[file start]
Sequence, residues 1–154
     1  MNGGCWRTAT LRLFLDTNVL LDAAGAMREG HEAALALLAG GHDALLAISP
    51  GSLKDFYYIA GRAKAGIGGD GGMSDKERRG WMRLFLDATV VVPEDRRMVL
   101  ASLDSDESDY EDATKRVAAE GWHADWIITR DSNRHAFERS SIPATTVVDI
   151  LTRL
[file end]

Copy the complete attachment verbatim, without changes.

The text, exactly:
Sequence, residues 1–154
     1  MNGGCWRTAT LRLFLDTNVL LDAAGAMREG HEAALALLAG GHDALLAISP
    51  GSLKDFYYIA GRAKAGIGGD GGMSDKERRG WMRLFLDATV VVPEDRRMVL
   101  ASLDSDESDY EDATKRVAAE GWHADWIITR DSNRHAFERS SIPATTVVDI
   151  LTRL